Silver Book Fact

For every $1 spent on newer instead of older medicines, total health care spending is reduced by $6.17.

Lichtenberg F. Benefits and Costs of Newer Drugs: An update. National Bureau of Economic Research Working Paper. 2002; 8996. http://www.nber.org/papers/W8996

Reference

Title
Benefits and Costs of Newer Drugs: An update
Publication
National Bureau of Economic Research Working Paper
Publication Date
2002
Authors
Lichtenberg F
URL
Read Full Resource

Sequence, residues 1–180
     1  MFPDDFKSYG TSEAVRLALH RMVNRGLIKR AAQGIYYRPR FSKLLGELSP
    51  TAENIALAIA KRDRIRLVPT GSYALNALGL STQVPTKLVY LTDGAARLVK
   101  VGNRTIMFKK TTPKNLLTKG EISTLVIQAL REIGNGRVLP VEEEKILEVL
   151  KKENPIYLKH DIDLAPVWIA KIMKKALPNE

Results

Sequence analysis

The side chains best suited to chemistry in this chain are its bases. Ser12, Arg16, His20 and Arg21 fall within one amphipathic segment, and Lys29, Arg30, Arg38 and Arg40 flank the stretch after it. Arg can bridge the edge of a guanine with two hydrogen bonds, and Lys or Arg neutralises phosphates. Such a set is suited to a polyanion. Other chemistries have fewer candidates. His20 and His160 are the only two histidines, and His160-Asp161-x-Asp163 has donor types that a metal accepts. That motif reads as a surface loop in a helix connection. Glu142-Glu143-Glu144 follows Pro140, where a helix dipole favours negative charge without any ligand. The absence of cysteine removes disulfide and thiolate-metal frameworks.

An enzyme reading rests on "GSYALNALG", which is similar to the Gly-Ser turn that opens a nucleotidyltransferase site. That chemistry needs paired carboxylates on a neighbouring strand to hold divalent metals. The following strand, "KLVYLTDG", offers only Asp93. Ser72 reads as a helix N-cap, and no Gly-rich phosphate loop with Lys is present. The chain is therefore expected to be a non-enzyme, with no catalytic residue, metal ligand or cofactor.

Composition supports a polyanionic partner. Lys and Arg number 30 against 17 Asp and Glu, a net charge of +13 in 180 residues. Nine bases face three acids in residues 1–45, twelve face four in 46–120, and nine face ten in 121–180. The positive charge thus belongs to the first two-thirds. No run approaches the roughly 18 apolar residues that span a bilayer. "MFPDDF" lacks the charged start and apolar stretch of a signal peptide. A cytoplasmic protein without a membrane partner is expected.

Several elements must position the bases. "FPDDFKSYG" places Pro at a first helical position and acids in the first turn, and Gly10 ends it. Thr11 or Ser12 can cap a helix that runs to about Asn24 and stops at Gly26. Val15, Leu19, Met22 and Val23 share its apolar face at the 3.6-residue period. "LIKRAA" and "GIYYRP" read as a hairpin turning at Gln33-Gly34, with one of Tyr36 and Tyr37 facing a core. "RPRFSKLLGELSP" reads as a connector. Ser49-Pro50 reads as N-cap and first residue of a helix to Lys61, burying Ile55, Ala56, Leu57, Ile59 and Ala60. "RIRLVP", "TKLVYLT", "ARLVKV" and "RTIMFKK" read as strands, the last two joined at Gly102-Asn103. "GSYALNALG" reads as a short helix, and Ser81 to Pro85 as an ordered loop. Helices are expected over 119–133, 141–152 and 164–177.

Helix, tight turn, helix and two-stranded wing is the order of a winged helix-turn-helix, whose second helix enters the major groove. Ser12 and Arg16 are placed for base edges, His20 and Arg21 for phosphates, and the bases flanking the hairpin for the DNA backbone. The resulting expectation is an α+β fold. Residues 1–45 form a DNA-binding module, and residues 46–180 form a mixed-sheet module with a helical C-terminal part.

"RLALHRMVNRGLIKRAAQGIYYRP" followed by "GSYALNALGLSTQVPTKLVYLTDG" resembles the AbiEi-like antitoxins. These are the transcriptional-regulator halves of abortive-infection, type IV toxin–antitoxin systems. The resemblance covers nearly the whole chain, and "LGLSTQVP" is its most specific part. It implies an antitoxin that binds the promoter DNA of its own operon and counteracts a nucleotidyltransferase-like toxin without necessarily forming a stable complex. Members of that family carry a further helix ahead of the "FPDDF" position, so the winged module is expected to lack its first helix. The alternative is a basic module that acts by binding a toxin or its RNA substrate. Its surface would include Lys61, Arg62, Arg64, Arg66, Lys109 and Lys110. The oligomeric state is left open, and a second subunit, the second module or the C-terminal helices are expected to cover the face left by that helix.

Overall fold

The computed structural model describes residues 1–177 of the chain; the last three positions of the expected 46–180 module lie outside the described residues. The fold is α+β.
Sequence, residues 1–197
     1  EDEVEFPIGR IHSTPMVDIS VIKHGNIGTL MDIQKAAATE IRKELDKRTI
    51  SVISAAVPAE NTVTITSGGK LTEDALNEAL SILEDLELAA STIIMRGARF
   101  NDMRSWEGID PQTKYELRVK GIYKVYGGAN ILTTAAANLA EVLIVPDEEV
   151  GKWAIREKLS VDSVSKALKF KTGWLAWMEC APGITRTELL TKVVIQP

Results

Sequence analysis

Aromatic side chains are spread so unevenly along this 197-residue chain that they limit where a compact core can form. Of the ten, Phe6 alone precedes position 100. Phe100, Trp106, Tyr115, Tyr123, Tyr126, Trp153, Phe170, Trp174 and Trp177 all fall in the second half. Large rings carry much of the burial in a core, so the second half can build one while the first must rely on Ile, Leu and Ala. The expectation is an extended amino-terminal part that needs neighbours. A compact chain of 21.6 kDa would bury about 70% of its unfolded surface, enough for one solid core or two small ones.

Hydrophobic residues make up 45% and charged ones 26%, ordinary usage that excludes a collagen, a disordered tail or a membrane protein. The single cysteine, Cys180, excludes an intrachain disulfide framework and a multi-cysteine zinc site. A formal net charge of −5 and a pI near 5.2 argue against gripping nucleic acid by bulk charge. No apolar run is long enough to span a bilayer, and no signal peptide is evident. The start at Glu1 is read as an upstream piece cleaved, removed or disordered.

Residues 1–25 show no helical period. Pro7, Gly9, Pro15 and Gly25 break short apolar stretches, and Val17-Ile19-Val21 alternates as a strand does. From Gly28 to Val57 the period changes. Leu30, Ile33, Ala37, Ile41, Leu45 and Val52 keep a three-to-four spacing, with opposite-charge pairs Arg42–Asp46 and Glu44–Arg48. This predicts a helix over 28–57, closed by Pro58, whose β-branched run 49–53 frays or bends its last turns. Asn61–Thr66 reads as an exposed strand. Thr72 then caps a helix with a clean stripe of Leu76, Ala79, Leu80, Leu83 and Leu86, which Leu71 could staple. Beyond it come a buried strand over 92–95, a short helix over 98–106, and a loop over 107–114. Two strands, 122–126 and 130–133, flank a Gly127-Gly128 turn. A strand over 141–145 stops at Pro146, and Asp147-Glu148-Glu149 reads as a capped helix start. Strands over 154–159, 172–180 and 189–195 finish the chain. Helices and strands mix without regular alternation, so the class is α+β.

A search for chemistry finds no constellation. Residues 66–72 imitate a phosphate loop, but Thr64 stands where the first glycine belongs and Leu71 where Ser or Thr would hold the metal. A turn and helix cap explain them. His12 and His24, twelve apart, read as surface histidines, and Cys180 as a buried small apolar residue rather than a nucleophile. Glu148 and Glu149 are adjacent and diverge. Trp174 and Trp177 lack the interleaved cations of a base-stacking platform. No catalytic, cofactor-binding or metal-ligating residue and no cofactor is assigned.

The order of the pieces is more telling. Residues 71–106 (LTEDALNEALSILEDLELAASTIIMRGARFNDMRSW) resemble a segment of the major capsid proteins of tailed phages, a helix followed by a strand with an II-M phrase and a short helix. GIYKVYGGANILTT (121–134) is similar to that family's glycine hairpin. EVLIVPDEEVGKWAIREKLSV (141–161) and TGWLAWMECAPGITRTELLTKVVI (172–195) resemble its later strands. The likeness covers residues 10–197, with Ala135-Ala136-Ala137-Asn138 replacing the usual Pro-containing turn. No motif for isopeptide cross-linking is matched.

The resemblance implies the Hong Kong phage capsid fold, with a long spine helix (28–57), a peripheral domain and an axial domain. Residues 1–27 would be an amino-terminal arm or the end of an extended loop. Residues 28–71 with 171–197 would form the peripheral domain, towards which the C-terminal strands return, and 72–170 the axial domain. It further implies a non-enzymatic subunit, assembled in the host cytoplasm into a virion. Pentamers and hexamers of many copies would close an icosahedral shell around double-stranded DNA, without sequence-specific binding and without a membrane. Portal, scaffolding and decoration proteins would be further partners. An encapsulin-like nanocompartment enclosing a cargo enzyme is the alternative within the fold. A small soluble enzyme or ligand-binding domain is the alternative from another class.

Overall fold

Categories

  • Innovative Medical Research
  • Economic Value

Related Facts

  • If the major risk factors for chronic disease were eliminated, at least 80% of heart disease, stroke and type 2 diabetes would be prevented; and 40% of cancer would be…  
  • Changes in behavior, preventative measures and innovation could save $1.6 trillion in treatment costs.  
  • New Medicines Account for 40% of Increase in Life Expectancy  
  • Between 1980 and 2000, annual age adjusted per person health care costs increased by $2,254 (102%) but were accompanied by significant health gains including: a 16% decline in annual death…  
  • National health spending growth is projected to slow from 6.9% in 2005 to 6.8% in 2006, which marks the 4th consecutive year of a slowing trend.